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From "Nathaniel, Alfred" <>
Subject RE: "Springification" of C3 - proof of concept
Date Fri, 05 Aug 2011 12:33:26 GMT
Hi Igor,

It's a nice show case that C3 has reached one of its design goals to
be embeddable in other frameworks.

Whilst C2 is the 500lb gorilla squatting the driverseat, C3 is a neat
little monkey who knows how to driver but also fits onto the backseat.

I was first confused by the term "springification" which I understood
as using more Spring in C3.  In fact it is the other way around.
It should rather be called the cocoonification of Spring.

Calling C3 pipelines from frameworks such as Spring MVC is a welcome
perspective for people who are stuck to an MVC framework but want the
power of Cocoon plumbing for the rendering. 

But saying that our neat little monkey should stay on the backseat
because Spring knows so much better to drive is too restrictive.
C2 has many more use cases than just REST and MVC and C3 should be
able to drive these as well.

I think your POC is worthwhile keeping but certainly not in C3 core.
I wouldn't even put it under cocoon-samples because it gives the
wrong impression that one has to swallow Spring before tasting Cocoon.

How about calling it the cocoon-on-the-backseat module?

Cheers, Alfred.

-----Original Message-----
From: [] On Behalf Of Simone Tripodi
Sent: Donnerstag, 4. August 2011 15:08
Subject: Re: "Springification" of C3 - proof of concept

Hi Igor!!!
congrats for your committership and your dedication to this work!!! I
really appreciate you shared your results with us!

Just my *personal* POV: even if I'm NOT a SpringFramework fan (and I
won't be :P) your work shall be included in a way or another in C3.
Anyway I would prefer Spring doesn't play the main role: I mean,
having 3rd parties integrations it more than fine - we already have
indeed modules with 3rd parties integrations, like StringTemplate,
JAX-RS, Optionals (Solr, JAXB) - but IMHO Cocoon *core* components
should not be dependent by any framework, I wouldn't "force" C3 users
learning Cocoon AND Spring as a starting point, or require Spring as
knowledge base to get started with Cocoon.
I think that should sound reasonable, WDYT?

So, my suggestions, if you are happy to continue on contributing - and
I really hope you are :) - is:

 * checkout the latest C3 code from /trunk;
 * understand how it is actually organized and check what has been
already implemented (for sure you can help us on improving actual JAXB
implementation, for example)
 * starting proposing and discussing modifications/additional
components step by step, not sure everybody would agree on adding
everything as a single big commit ;)

Many thanks in advance, all the best!!!
Have a nice day,

On Tue, Aug 2, 2011 at 1:32 AM, Igor Malinin <> wrote:
> Hello. I've promised some (not so long) time ago to share my experiments
> with C3 and Spring, and now I am ready to show some interesting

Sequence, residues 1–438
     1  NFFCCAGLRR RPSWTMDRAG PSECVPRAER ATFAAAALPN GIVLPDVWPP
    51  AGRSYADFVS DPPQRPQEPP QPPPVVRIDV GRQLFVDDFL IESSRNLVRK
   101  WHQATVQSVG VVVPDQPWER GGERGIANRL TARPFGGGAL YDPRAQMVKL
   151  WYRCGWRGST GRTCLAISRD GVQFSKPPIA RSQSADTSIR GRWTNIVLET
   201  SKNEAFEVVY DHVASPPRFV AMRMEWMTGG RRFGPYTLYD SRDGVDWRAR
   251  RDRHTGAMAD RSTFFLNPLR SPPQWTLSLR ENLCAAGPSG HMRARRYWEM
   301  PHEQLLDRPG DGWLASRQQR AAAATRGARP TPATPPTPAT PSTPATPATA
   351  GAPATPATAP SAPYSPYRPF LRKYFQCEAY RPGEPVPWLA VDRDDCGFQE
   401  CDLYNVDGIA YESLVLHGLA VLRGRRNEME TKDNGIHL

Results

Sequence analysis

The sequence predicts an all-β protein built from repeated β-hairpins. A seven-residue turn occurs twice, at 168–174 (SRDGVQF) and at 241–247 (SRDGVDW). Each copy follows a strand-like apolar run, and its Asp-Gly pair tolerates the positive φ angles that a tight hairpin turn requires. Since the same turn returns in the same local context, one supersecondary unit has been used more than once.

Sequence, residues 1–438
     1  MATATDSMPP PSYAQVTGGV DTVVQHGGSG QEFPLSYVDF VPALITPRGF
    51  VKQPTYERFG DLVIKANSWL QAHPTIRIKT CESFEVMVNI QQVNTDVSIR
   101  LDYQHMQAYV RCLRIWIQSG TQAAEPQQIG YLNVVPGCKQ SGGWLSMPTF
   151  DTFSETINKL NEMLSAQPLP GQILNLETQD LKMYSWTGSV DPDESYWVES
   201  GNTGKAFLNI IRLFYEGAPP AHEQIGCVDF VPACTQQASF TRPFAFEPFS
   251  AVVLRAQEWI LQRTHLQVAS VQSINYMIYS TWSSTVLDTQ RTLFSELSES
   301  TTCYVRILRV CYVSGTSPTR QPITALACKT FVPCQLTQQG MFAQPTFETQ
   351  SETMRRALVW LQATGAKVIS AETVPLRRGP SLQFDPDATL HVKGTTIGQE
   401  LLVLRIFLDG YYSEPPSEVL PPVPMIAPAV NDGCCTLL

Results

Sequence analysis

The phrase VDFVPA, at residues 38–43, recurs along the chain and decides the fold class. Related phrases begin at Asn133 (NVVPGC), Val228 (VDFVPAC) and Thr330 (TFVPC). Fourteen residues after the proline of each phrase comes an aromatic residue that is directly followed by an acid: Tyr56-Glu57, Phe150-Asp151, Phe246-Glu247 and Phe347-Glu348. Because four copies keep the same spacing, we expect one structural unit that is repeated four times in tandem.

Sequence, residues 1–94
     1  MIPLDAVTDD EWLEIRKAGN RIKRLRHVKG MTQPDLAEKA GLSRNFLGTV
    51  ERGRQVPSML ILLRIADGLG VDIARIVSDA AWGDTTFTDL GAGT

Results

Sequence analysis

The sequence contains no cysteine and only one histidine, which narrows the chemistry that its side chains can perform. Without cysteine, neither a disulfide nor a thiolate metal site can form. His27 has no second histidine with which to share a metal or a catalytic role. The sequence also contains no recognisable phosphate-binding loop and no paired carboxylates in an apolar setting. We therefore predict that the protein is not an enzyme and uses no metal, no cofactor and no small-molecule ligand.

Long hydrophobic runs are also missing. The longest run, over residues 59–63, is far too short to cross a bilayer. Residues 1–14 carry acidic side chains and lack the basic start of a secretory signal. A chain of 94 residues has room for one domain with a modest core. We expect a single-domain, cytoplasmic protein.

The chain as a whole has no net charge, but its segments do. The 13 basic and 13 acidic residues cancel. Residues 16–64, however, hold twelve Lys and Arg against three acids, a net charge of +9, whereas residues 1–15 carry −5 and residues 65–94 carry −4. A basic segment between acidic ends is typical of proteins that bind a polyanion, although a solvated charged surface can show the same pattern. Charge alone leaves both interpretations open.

> achievements.
> Here is the source code:
> What it does...
> 1) Use traditional annotated Spring Controllers
> I think it is better REST than Cocoon today. Those days when Cocoon was a
> leader in this respect has passed, and it really was the best REST framework
> from day one when nobody even used this word. But now Spring is really
> powerful and I think Cocoon should not try to invent own things but
> integrate with Spring as much as possible. In current form it "disables"
> Spring functionality and replace with own much more limited solution.
> 2) Use Cocoon Sitemap as Spring View
> Again - traditional Spring way. Also i map Cocoon to WEB-INF so that sitemap
> is hidden for direct browser access (good trick to workaround lack of
> private pipelines in C3).
> 3) Use Spring FORM tag library in SAX pipeline
> When it is very simple implementation it works quite good already, much
> better than I expect from it myself...
> 4) Integrated Validation with Spring and Hibernate Validator
> Again - traditional Spring 3 way of handling forms, together with previous
> item can be a good foundation for replacing old Cocoon forms module...
> 5) EclipseLink JPA
> Just my favorite, as it implements both JPA and JAXB...
> 6) Mapping Spring model to XML with JAXB annotations
> Just a quick hack as everything else...
> 7) JRebel compatible, just generate rebel.xml for "main" module
> Unfortunately EclipseLink JRebel plugin does not work with latest
> EclipseLink, but can be switched off easily. Otherwise I did a small fix to
> XSLT transformer, so it rechecks for modifications correctly (not included
> with sources) and it works much better than Cocoon RCL. Actually Cocoon RCL
> destroyed root spring context on first invocation and any future requests to
> EclipseLink didn't work at all.
> I think that Cocoon RCL should be dropped at all - it is unusable for
> something serious, if you do something more than totally trivial it takes
> more time to fight with it, works almost always incorrectly and saves no
> time as the result...
> Thanks.
> Discussions and critics are welcome.

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